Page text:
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Step By Recursive Step: Church's Analysis Of Effective Calculability
 BULLETIN OF SYMBOLIC LOGIC
, 1997
"... Alonzo Church's mathematical work on computability and undecidability is wellknown indeed, and we seem to have an excellent understanding of the context in which it arose. The approach Church took to the underlying conceptual issues, by contrast, is less well understood. Why, for example, was "Ch ..."
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Alonzo Church's mathematical work on computability and undecidability is wellknown indeed, and we seem to have an excellent understanding of the context in which it arose. The approach Church took to the underlying conceptual issues, by contrast, is less well understood. Why, for example, was "Church's Thesis" put forward publicly only in April 1935, when it had been formulated already in February/March 1934? Why did Church choose to formulate it then in terms of G odel's general recursiveness, not his own #definability as he had done in 1934? A number of letters were exchanged between Church and Paul Bernays during the period from December 1934 to August 1937; they throw light on critical developments in Princeton during that period and reveal novel aspects of Church's distinctive contribution to the analysis of the informal notion of e#ective calculability. In particular, they allow me to give informed, though still tentative answers to the questions I raised; the char...
Topology, Domain Theory and Theoretical Computer Science
, 1997
"... In this paper, we survey the use of ordertheoretic topology in theoretical computer science, with an emphasis on applications of domain theory. Our focus is on the uses of ordertheoretic topology in programming language semantics, and on problems of potential interest to topologists that stem from ..."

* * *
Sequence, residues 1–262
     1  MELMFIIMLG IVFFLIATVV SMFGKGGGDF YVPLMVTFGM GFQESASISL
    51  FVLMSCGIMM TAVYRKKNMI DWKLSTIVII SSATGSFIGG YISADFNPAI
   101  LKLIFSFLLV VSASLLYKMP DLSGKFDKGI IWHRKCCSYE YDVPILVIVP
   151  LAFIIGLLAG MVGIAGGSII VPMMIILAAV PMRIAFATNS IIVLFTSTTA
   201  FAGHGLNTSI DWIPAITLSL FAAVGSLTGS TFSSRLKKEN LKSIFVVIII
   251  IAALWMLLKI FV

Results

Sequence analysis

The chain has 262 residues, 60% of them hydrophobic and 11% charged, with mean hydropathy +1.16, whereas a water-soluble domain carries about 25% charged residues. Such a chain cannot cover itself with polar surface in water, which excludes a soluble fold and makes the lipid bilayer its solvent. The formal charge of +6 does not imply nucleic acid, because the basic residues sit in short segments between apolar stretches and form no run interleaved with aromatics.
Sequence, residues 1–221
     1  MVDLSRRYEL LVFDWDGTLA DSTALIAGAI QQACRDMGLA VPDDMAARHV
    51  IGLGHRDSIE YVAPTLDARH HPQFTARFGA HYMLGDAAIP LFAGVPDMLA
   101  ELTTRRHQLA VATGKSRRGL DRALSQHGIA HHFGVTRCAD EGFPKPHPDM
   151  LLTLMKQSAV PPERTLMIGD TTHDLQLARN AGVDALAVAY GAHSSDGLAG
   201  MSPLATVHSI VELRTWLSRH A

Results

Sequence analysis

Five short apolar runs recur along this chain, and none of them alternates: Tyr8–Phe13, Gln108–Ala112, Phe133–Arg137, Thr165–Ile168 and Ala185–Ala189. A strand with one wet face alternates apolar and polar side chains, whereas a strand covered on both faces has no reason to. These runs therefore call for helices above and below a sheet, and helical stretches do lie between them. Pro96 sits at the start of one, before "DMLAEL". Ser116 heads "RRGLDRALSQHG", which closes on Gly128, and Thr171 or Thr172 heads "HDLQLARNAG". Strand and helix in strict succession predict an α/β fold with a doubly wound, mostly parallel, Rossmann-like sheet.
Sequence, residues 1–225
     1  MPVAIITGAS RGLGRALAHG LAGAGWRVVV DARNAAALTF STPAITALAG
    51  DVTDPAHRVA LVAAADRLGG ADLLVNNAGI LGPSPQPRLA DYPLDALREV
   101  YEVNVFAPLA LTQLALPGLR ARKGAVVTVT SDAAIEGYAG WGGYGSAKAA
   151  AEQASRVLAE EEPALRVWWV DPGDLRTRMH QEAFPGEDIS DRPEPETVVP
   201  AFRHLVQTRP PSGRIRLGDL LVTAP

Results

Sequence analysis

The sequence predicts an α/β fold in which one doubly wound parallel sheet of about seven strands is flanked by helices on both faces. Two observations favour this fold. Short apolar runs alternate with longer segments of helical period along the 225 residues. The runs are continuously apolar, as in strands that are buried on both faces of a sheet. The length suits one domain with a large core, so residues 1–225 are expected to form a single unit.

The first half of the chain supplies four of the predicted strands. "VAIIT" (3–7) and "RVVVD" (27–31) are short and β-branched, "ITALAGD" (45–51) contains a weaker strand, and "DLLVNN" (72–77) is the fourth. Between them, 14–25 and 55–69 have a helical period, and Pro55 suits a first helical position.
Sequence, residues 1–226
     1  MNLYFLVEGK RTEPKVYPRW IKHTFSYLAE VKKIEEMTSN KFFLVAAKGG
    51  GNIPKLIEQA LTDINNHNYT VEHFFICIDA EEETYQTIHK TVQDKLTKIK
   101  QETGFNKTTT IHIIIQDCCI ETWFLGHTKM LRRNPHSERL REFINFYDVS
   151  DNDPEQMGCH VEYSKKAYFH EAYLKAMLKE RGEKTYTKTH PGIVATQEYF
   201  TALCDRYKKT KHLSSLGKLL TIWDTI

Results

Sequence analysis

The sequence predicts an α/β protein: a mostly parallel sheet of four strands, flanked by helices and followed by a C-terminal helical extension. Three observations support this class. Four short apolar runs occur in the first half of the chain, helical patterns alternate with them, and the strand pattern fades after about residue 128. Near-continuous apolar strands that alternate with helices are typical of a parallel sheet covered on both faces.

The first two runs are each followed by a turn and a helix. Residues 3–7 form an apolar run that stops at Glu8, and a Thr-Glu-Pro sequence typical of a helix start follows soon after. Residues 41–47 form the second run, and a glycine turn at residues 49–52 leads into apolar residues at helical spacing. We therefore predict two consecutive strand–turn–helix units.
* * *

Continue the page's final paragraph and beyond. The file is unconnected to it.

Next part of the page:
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In this paper, we survey the use of ordertheoretic topology in theoretical computer science, with an emphasis on applications of domain theory. Our focus is on the uses of ordertheoretic topology in programming language semantics, and on problems of potential interest to topologists that stem from concerns that semantics generates. Keywords: Domain theory, Scott topology, power domains, untyped lambda calculus Subject Classification: 06B35,06F30,18B30,68N15,68Q55 1 Introduction Topology has proved to be an essential tool for certain aspects of theoretical computer science. Conversely, the problems that arise in the computational setting have provided new and interesting stimuli for topology. These problems also have increased the interaction between topology and related areas of mathematics such as order theory and topological algebra. In this paper, we outline some of these interactions between topology and theoretical computer science, focusing on those aspects that have been mo...
Normalisation in Weakly Orthogonal Rewriting
, 1999
"... . A rewrite sequence is said to be outermostfair if every outermost redex occurrence is eventually eliminated. Outermostfair rewriting is known to be (head)normalising for almost orthogonal rewrite systems. In this paper we study (head)normalisation for the larger class of weakly orthogonal rewr ..."